A collapsed Ukraine and a wider war would risk extraordinary costs for American lives and treasure when contemplating the triggering of our NATO Article 5 collective defense obligations. The United States has more than 100,000 troops stationed in Europe, with 10,000 in Poland alone. A Russian army on the move toward NATO and US troops along the Polish border conjures staggering scenarios.

Our elected leaders must ask themselves what future they want America to champion: one in which tyrants run rampant over underdogs, or one in which strong alliances enable us to exercise our sovereign rights, freedoms, and commitments to the grand experiment of democracy. The American public has already answered that question. This week, Pew research revealed that 74 percent of Americans view the war as important to U.S. national interests. This dashes the narrative that the public has moved on from this war.

The good news is that it is not too late. There is still time for Congress to act. On February 12, the Senate passed the $60.1 billion foreign aid package for Ukraine by a wide, bipartisan margin, 79-20. It is said that the House would pass the measure by a similar bipartisan margin, but only if leaders first allow it to come to the floor for a vote upon returning to Washington on February 28. For his part, President Biden assured President Zelenskyy that he is confident that it will succeed.

Ambulances to the Front

On my last mission to Ukraine in November, our UkraineFocus team delivered a convoy of ambulances and medical gear to a Territorial Defense Force unit in the southeast. The unit commander greeted us at a wind-whipped parking lot on the banks of the Dnipro River. Younger and stouter than me, his grey eyes revealed the anguish of a man who had lived a thousand years in cold, bloody trenches as an invading force shredded fellow Ukrainians and his bucolic homeland. We came to help him in the way that we could, armed with humanitarian donations that could save the lives of his troops. I couldn’t help but detect his fatigue during the moment. Fatigue from the war that never should have happened. Fatigue from the subsequent delays in critical aid that may have brought the killing of his fellow brothers and sisters to a speedier end. Fatigue about some far-away debate that the world’s helping hands had simply grown too tired to continue the lifeline.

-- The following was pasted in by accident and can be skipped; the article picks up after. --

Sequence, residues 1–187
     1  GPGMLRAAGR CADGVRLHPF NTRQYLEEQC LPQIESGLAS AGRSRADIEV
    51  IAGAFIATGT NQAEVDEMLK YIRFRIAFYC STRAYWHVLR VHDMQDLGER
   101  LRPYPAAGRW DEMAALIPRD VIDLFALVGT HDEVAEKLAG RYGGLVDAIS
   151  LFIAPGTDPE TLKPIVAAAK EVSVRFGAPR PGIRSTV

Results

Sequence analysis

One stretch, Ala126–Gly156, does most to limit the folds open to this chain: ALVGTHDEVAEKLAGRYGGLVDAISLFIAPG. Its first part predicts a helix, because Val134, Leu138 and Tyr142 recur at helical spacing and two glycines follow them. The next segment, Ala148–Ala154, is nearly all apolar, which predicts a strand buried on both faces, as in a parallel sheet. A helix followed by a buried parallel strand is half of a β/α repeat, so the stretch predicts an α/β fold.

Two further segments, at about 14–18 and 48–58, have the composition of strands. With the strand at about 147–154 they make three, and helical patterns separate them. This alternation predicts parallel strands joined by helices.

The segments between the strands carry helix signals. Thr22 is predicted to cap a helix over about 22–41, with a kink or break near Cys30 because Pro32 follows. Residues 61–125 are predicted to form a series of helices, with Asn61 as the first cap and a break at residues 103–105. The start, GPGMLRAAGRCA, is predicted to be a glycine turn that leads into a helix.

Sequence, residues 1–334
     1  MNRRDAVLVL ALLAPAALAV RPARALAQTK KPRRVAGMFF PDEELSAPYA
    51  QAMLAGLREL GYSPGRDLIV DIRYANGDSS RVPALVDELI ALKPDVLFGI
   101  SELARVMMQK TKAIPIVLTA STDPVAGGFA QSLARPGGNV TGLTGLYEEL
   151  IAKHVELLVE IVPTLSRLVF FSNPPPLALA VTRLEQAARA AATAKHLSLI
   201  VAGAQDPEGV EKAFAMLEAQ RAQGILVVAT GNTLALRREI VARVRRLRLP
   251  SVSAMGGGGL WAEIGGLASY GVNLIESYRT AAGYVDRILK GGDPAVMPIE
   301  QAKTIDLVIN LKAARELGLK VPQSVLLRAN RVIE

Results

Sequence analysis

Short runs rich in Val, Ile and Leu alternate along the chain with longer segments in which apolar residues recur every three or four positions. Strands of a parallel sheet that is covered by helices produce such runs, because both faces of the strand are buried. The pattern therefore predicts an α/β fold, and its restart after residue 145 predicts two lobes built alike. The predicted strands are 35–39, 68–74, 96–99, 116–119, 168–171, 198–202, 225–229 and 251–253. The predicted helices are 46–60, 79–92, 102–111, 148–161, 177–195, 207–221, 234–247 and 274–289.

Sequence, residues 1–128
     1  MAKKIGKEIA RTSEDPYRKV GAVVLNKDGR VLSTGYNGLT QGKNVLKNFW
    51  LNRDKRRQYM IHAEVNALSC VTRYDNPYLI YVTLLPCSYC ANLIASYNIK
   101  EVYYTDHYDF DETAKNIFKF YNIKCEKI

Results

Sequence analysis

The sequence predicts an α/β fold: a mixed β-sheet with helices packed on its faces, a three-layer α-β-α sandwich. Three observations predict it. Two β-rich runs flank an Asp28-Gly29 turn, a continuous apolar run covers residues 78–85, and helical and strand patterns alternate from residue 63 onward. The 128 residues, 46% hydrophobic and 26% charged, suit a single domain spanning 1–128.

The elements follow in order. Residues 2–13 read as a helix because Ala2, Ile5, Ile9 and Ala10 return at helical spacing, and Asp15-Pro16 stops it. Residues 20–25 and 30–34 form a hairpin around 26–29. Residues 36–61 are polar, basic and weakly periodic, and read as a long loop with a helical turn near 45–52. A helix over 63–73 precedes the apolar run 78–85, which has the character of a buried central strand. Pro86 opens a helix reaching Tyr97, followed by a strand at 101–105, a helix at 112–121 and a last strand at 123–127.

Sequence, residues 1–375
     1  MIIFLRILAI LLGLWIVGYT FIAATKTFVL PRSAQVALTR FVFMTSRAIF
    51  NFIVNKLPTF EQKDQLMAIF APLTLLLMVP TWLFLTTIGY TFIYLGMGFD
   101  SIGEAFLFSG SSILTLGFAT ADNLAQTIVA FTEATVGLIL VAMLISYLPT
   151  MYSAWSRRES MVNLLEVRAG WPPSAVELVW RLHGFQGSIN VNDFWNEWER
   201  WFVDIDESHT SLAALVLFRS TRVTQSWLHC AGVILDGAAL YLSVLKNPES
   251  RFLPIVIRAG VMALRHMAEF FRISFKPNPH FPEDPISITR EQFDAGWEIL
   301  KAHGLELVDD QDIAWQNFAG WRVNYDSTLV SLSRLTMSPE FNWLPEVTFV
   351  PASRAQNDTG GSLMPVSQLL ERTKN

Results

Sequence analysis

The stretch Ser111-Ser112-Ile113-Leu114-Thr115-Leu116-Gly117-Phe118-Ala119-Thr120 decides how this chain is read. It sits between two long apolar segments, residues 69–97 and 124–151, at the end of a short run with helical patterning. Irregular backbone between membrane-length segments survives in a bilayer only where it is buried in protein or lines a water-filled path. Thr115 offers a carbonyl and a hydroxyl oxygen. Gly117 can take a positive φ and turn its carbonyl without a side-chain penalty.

We gathered in a small circle to mark the exchange and say a few warm words of fellowship. The soldiers thanked us. But it was we volunteers— Americans and Europeans—who were most grateful, as the men and women standing before us were prepared to pay the ultimate price for for our freedom. They just needed our help.

The exposed parking lot was not a place to linger. After posing for some quick photos, trading unit patches, and offering farewell embraces, the soldiers took control of the ambulance convoy and headed south to the front.

Basil Seggos writes this in his personal capacity. He volunteered on three missions to Ukraine with the charity and is a visiting fellow at the National Security Institute. In his professional capacity, he is the Commissioner of the New York State Department of Environmental Conservation and a former officer in the U.S. Army Reserve.